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What was it like to work with Boerner?
I checked out his work on YouTube, and luckily he was available for the sessions. He came in for like three days, and he’s so pro that he caught on instantly just by listening to the simple demos that I sent him. Working with him was so easy—he’s just a super nice guy and a terrific guitar player who takes his coffee very seriously. And he’s a natural fit for the Freeman live band.
Boerning It Up
North Carolina native Chris Boerner is a jazz ace and a fixture in the Triangle music scene, but he’s also a formidable rocker. In his own words, he tells what it was like to help realize the songs of Aaron Freeman.
Aaron Freeman recently called me looking for someone to play on his new record and do a little touring, and I jumped at the opportunity. In preparation for the recording sessions, Aaron sent me some demos, just acoustic guitar and voice. He was really set on giving very minimal information, basically just the overall structures, and letting the players go in with open minds to figure out the instrumental details.
We recorded everything over the course of a few days at Applehead Recording, in Woodstock, New York. It’s got a very cool, big live room and a great-sounding Neve console. Not only that, the studio is on this historic property—we stayed in a cabin that was Rick Danko’s [The Band] old house. There’s so much history around Woodstock outside of the festival—Bob Dylan and so many others have done a lot musically there—and it was cool to kind of be part of that.
My main guitar on the record is a homemade Frankenstein Stratocaster that I’ve been constantly modifying for years. It’s currently got a Warmoth neck, Lollar pickups, and, most important, a really classic Strat sound. I also played Aaron’s 1958 Historic Les Pauls and a couple of his Martins, a D-28 in standard tuning and another that we had strung in Nashville tuning.
I used some great amps that belong to the studio: a Fender Princeton, one of the early ones without reverb, and a Carol-Ann OD2 for overdrive. As for effects, I brought my simple pedalboard containing a Fulltone Full-Drive, an Eventide TimeFactor, and a cool little boost my friend Rich Flickinger makes, the Petal Pusher.
Though we did put in 12 to 14 hours each day, the sessions were pretty laid-back. We did a lot of live playing—drums, bass, and guitars—and then I went back and did some strategic overdubs. Although Aaron had a vision of how he wanted the record to sound, he was totally open to my creative input on the parts, and we were blown away by how it all came together in the end.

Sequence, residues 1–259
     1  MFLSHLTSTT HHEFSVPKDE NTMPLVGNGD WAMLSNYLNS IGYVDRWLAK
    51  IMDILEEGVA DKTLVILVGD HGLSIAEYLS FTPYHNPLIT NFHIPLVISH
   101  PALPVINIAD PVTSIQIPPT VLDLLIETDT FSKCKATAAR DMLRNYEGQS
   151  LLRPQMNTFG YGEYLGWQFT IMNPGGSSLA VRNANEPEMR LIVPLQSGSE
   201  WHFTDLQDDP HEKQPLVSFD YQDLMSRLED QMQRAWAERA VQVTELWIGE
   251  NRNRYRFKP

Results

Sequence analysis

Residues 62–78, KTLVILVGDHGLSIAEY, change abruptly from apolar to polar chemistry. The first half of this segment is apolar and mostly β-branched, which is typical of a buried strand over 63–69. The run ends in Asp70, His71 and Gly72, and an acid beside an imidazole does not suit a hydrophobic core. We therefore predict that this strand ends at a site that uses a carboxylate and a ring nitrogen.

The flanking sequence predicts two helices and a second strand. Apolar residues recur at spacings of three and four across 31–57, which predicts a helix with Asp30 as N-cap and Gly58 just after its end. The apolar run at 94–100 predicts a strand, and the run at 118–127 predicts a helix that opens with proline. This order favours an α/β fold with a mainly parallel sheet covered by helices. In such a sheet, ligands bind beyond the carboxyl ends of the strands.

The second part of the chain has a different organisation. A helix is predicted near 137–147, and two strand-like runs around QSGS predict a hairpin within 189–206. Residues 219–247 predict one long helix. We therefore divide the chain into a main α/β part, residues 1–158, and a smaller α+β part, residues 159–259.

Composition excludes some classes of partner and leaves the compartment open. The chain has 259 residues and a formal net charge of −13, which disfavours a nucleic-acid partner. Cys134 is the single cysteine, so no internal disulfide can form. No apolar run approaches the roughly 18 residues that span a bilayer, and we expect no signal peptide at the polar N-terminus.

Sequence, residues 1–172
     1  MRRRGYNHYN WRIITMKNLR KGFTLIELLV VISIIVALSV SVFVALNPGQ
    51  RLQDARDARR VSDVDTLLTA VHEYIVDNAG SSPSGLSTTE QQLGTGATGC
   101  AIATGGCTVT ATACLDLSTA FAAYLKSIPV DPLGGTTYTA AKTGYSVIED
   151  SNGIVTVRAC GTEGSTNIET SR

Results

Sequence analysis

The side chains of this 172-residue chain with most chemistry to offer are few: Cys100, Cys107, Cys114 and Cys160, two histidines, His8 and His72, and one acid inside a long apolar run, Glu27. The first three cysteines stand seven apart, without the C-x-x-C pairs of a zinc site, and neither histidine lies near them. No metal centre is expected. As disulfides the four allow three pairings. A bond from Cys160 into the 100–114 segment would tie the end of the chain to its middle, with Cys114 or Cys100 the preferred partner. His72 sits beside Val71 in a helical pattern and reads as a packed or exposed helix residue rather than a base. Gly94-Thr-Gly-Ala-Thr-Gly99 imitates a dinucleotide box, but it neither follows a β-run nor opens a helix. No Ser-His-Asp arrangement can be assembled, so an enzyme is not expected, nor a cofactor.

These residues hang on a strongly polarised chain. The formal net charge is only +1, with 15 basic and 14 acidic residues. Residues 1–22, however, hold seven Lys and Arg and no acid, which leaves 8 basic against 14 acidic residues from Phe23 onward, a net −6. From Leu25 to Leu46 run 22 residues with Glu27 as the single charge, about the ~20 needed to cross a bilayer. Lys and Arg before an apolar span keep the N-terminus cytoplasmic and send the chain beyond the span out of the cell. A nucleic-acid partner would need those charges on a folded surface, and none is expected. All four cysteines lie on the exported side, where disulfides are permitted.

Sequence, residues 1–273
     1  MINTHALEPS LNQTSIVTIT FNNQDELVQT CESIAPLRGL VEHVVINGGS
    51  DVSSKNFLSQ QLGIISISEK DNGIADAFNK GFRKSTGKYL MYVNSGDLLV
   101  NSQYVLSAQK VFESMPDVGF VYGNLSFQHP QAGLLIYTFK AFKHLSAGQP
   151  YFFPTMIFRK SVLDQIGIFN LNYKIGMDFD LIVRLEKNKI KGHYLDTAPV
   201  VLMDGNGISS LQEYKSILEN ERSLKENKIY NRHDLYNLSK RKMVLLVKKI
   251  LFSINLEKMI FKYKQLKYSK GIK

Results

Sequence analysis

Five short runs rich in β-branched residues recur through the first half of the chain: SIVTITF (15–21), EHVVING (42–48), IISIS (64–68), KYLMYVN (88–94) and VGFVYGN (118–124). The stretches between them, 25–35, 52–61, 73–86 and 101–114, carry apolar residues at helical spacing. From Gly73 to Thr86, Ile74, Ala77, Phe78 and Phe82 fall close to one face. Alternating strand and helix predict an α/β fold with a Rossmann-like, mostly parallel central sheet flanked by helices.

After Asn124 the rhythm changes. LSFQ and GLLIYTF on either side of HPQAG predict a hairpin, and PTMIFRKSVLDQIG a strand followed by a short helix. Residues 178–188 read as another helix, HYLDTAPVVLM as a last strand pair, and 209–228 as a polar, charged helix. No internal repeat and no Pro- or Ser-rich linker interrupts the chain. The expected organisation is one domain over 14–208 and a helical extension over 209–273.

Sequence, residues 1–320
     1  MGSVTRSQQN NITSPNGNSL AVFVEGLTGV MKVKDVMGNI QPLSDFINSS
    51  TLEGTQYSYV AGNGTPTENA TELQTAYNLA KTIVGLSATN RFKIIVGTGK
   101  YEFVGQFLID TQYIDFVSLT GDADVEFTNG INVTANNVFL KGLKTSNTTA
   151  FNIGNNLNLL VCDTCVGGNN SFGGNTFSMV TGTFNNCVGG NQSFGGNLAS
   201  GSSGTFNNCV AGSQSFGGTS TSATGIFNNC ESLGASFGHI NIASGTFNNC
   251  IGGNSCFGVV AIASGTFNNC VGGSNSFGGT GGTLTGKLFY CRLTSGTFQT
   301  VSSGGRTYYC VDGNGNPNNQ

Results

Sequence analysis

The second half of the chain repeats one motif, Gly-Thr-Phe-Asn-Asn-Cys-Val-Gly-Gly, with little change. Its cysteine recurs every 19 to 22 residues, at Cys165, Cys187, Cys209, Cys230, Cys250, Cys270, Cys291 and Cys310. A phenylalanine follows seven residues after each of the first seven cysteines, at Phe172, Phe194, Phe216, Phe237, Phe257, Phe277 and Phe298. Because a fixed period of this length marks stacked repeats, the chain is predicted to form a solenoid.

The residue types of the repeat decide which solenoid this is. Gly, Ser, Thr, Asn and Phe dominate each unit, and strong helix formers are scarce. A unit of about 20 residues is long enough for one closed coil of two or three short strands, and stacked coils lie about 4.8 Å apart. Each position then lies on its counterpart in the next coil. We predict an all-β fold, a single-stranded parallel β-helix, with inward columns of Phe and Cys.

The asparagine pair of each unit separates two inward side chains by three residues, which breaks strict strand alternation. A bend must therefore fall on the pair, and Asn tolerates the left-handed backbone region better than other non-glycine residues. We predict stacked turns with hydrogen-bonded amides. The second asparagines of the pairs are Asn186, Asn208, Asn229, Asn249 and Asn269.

In touring for the album, we’ll also be playing a bunch of Ween stuff. It’ll be exciting not only to revisit the music I heard in my formative years, but also, with Aaron’s permission, to put my own spin on it.
How would you describe your formative experiences?
As a pre-teen I had a cheap Casio keyboard, and at the same time I enjoyed experimenting with tape speeds using the cassette deck that my father gave me. I discovered that if you pressed the record button and then the play button, halfway down, the recording mechanism would speed up, but the tape would play back really slowly. That was the first time I realized how much I loved slowed-down vocals.
I got my first bass guitar when I was about 12. That was my first love, and I still play a lot of bass. I started Ween at 16, and really just sang, or more accurately, screamed the vocals. Around the same time I got into the guitar through listening to Neil Young. I learned that if you knew three or four chords, you could get instant gratification by playing many of his songs.
In Ween, we would record bass and drums at home, for backing tracks, and play and sing live on top of that. We played like that for years. In any case, I would say that my formative years were all about a tape deck, guitar, and vocals. That and realizing the value of simplicity and the fact that you can write any song with just three or four chords—writing and playing all the time and getting better and better in the process.